Going back to an event we had in London, Christina Scharff, an academic from Kings College, talked about how individual feminism is all well and good but it kind of takes the responsibility away from larger society and the government, so then policies don’t change because everyone’s focused on, ‘Well it’s your responsibility to make your life better and aim higher.’ That said, however young girls get into it, that’s not a bad thing, but there needs to be deeper conversations. It can’t just be fucking ‘free the nipple’ and like, pubic hair. There are much bigger issues globally that are affecting women than that and actually they’re not being talked about and the things that are getting talked about are taking away from the bigger issues. On the whole though, I think things are going in the right direction, which is really positive.
“Things are fucked up and we can’t just be writing articles about…bullshit!”
Everyday Activism: A Riposte Editorial
“If you can’t see all these women in these different disciples then where’s your inspiration?”
In issue six, Mary Joyce, the founder of Meta-Activism [a resource for online activism] speaks about her dislike of grading activists and the very exclusive, ‘sour grapes’ term ‘slacktivism.’ I can’t help but draw a parallel here to the at times critical dialogue around modern feminism.
It’s tricky isn’t it? One of the women in that feature was Charlie Craggs. She’s a trans activist and she does nail art; she calls it ‘fabulous activism.’ It’s very much one on one, she does these workshops and she’ll talk to people and give them a personal insight into the life and the issues of the trans woman and she feels that she’s really making a difference. She doesn’t identify with pavement pounding, banner bearing activists, that’s not her thing. I think you can find your own way and you can make a difference your way. People become more aware and if it makes a difference to a few people then that’s a good thing, but then also there’s the argument that, ‘Yeah people are aware but they’re not fucking doing anything.’ Not everyone is going to massively change their actions but if it makes a difference to a few people… yeah…maybe you’re not going to get a massive shift whatever you do. It’s tricky and I don’t know the answer.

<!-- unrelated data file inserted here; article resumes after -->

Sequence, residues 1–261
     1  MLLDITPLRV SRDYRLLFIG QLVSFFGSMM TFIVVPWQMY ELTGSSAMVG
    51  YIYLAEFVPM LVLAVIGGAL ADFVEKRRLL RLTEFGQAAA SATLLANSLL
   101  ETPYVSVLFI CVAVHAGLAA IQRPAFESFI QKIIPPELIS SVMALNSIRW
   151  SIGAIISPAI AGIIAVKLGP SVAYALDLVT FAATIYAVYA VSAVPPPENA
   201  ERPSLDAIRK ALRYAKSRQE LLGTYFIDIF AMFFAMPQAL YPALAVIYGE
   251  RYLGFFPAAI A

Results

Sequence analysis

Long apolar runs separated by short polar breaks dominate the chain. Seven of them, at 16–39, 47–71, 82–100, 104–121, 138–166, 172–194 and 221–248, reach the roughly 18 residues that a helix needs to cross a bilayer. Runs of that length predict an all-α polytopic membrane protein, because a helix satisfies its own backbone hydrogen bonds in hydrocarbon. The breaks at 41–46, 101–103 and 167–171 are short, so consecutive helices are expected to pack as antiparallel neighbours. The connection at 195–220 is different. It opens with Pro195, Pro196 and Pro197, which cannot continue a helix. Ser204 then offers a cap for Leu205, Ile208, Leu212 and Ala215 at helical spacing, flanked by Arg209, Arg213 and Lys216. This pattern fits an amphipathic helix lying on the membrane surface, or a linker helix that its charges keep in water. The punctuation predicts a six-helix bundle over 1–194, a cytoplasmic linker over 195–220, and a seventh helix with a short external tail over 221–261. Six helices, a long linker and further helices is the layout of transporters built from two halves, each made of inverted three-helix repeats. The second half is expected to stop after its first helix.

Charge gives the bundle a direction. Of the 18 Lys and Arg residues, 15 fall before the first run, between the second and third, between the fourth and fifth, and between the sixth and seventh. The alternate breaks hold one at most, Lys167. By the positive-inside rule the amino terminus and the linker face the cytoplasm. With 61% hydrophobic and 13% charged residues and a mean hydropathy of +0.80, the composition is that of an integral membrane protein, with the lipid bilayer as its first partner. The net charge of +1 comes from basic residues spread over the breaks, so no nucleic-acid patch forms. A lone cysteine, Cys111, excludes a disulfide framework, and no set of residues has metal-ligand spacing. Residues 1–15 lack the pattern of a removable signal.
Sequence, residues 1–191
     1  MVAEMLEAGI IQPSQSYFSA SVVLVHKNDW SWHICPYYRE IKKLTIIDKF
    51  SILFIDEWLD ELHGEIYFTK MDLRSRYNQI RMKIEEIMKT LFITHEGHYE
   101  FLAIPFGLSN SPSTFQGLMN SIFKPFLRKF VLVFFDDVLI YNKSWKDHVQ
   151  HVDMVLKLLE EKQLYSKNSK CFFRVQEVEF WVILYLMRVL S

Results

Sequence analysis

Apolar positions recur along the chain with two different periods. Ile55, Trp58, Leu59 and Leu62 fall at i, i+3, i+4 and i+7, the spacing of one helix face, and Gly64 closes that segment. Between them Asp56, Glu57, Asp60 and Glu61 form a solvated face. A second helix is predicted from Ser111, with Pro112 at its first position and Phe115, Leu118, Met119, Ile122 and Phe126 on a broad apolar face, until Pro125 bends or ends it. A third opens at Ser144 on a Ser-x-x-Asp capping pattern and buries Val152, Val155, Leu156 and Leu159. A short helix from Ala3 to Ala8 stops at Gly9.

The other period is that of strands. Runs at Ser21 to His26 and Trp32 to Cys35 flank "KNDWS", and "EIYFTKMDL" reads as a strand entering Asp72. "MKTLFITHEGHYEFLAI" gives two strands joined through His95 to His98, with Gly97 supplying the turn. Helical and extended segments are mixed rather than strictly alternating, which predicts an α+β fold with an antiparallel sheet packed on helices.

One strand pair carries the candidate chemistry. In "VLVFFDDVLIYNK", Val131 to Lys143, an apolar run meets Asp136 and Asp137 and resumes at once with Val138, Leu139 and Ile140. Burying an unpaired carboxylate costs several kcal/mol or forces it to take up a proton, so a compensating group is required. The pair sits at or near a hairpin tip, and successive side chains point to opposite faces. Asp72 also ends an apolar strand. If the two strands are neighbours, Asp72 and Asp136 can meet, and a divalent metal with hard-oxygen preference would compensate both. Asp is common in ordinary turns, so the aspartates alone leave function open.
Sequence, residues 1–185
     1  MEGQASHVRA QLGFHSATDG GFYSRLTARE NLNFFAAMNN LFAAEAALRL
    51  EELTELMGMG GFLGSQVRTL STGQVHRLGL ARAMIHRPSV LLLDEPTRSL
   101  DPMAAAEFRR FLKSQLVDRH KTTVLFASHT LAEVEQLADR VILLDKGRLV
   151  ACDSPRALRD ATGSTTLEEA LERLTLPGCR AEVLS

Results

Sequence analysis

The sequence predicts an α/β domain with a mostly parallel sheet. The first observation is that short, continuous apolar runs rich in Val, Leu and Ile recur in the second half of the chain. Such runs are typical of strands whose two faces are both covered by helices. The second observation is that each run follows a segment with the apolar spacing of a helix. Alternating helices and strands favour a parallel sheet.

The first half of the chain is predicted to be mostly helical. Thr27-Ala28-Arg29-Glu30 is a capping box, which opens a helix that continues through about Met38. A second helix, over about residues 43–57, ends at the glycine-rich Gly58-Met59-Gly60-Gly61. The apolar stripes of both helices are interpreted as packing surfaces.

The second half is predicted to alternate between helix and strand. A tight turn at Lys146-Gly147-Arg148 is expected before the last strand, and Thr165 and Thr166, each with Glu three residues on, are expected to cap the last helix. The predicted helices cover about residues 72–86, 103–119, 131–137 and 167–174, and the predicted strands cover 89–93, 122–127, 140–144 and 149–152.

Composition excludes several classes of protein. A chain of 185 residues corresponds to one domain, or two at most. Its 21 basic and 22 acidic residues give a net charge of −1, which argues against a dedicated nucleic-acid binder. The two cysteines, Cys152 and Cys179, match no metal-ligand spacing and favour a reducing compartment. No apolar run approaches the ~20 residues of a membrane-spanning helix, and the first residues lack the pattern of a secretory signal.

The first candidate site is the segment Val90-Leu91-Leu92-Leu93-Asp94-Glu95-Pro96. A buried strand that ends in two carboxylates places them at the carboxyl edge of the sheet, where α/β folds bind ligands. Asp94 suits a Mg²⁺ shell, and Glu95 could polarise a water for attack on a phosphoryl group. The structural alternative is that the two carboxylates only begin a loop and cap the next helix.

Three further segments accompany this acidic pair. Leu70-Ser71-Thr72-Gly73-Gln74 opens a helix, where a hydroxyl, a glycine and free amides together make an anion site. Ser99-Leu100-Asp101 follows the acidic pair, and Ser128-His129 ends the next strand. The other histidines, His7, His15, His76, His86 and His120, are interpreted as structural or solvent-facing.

What do you want to see more of in women’s magazines?
I think a broader range of topics. You can pick up any magazine and it’s kind of cut out, identical, respun—and where are the fucking articles on raising finance for your business or like entrepreneurial articles? It’s kind of tricky, big magazines they have to make a certain amount of money, I get that, they have targets they have stakeholders, advertisers that they have to keep happy…but I don’t think that women, especially now when things have changed so much—and young women are so savvy and so switched on and so independent and driven—that it’s patronising to say that they would only what to read about fashion and beauty, a really small sliver of life. It’s just perpetuating a stereotype. And there’s that classic—I think Gloria Steinem said it—and it’s a bit cheesy but it’s that, ‘If you can’t see it you can’t be it.’ If there’s not the role models in science and sport. If you can’t see all these women in these different disciples then where’s your inspiration?
Thanks Danielle and the Riposte team for coming to meet Berlin. Follow all the magazine’s movements . Read our past interviews with presenters Sarah Illenberger, Fa’ Empel, and Isabell Hummel and keep up with Laetitia Duveau on Curated by ME Girls. For more on the world of publications, check our Print Matters section.